beach

It’s a beach.longerbeach
Now, it’s a more longer beach. Hmmm… too bad you can’t do this to the real world.

“Content-aware” image resizing — the ability to stretch images without distortion — is all the rage. vade covered the technology at last summer’s SIGGRAPH, and we’ve since seen publicly-available tools. But the New York Times musters an entire feature story on the topic (now it’s definitely mainstream), complete with a monster round-up of tools.

Thanks to Emmet for the tip!

Stretching the Truth Just Became Easier (and Cheaper) [NY Times; free registration required]

And the tools:

Liquid Rescale, free for use online or as a GIMP plug-in

Liquid Resize, free standalone Windows app

onOne Software, apparently commercial product forthcoming

RSizer, free Flash tool for resizing

IntuImage, Windows-based image editor

And, while you’re at it:

VectorMagic, free Web vectorization tool

Microsoft GroupShot, for merging images (and incidentally, there are some surprisingly hot image-merging tools in Windows Live Gallery for XP/Vista — really. Occasionally, though not nearly often enough, Microsoft notices how insanely cool their R&D people are.)

Okay, so there are a lot of free tools out there for doing cool stuff. The Times suggests this might pose a threat to the hegemony of Photoshop, except that I think Adobe’s sales are fairly safe with all the people who need gorilla-sized programs for image editing — and consumers have long had lightweight alternatives, even since the earlier days of Adobe.

And I did have good fun stretching my snapshot of the Santa Barbara shoreline above.

But here’s what’s missing from this picture: motion. And being that that’s the mission of this site, I think this will all get really interesting when we see two things:

Real-time processing: Finding the stitch/seam points is processor-intensive (well, maybe not as slow as it is in Flash in RSizer, but slow nonetheless). But you can pre-process still images. That means it should be absolutely possible to manipulate images using this technique for live motion. My beach wouldn’t make a terribly great visualist performance, but I’m sure you could find something fun.

Video: vade suggested when we first saw this that this could revolutionize changes of aspect ratio. And lest you think that sounds too processor-intensive, look at the new motion analysis features of tools like Apple’s Motion, which churn through video with growing speed. Finding these seams would appear to take a lot of pixel crunching, so this could be a ways off. But I don’t think it’s necessarily impossible — especially if an algorithm could be developed simplifying the technique for this purpose.

Anyone with data algorithm chops, though, let me know if I’m nuts.

  • DaNni

    I think the transition of this technique to moving images won't be as trivial as you suspect. If you saw the original SIGGRAPH presentation, you'll remember that the resizing works by finding the horizontal and vertical lines and deleting just those. The problem with a sequence of images is that -by its own changing nature- the places where these deletions occur might vary from frame to frame. This effect would cause some kind of wobble wich I suspect would be nauseating (but maybe also funny and interesting… maybe even useful for some VJ sets! :) )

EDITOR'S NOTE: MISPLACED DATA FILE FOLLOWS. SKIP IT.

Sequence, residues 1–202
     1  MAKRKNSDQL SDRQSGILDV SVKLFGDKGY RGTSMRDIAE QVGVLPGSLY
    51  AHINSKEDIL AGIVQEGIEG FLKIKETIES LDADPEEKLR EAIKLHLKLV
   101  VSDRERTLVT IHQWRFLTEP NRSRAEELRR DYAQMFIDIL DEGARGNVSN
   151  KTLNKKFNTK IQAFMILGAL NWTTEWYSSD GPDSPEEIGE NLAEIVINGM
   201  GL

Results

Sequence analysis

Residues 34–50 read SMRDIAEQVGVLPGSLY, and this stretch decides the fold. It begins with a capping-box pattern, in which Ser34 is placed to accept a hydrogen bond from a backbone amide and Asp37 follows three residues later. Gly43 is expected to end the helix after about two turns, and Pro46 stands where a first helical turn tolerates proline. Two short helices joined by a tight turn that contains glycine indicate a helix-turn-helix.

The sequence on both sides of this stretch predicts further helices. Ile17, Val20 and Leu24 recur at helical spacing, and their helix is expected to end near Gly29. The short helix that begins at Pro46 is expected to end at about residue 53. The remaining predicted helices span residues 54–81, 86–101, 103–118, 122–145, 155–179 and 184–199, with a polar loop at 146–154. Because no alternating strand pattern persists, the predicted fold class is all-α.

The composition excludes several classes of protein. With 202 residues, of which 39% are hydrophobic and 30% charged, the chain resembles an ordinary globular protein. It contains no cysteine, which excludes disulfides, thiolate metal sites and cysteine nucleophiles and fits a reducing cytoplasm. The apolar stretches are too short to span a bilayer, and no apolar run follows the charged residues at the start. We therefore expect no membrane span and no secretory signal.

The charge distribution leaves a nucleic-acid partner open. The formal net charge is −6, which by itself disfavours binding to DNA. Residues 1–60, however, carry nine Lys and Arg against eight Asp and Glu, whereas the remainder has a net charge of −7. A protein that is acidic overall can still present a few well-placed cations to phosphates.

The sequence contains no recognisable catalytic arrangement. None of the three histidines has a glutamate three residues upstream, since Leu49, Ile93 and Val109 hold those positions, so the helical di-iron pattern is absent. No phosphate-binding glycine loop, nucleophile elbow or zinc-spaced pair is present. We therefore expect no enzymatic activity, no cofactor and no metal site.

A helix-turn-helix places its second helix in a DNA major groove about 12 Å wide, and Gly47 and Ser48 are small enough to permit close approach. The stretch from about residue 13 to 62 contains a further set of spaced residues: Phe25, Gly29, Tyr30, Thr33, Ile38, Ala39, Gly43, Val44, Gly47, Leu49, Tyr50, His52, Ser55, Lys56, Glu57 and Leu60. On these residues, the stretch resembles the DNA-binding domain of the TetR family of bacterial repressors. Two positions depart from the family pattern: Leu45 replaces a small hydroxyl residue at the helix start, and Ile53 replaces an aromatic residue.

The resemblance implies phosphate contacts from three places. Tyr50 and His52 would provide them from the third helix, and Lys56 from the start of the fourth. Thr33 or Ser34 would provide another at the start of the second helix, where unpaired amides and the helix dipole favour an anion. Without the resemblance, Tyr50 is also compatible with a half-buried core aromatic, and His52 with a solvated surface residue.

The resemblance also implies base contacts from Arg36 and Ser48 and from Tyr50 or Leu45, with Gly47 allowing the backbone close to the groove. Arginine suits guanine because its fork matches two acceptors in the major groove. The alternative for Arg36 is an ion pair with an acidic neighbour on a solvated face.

You could try to implement an algorithm that took this into account and analyzed several frames and made a time-weighted decision (using optical flow or something) but it'd have to be quite complex and nevertheless not successful with every kind of video input (depending on the amount of detail, motion, etc).
    Still, I'm eager to d/l and try some of these tools and play with them.

    PS: Don't worry about Photoshop, I read Adobe hired the guy who invented the technique just a week after the presentation…

  • ian

    when you consider moore's law, how long until a process like this becomes fast as shit, on the average octo-core 6ghz processor with 16 gigs of ram? hold on while i strap into my jetpack so i can get to the digi-office, i'm late for eWork!

  • http://createdigitalmusic.com Peter Kirn

    Actually, I am with DaNni, believe it or not — Moore's Law or not, processing is about orders of magnitude. So what I'm imagining is that some sort of simplified algorithm could be devised. Maybe you even manually mark areas you want to maintain in aspect ratio changes, for instance, to cut down the amount of processing. And I would see it being something you might try to weight based on optical flow or something similar. Not necessarily something close here, but I could see this happening in the not-too-far future.

  • http://www.intuimage.com Serge

    Peter, IntuImage is not Flash-based, it's a native Windows application.

  • http://createdigitalmusic.com Peter Kirn

    @Serge: thanks. Doh. Got my wires crossed going between different link items. Windows options actually aren't too shabby for image editing, I'd like to observe, despite the Mac's better reputation for image tools. Also love paint.net.

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  • http://www.umiacs.umd.edu/~jsp Jai Pillai

    I have recently read a paper on Seam carving, which presented very attractive results on context aware image resizing.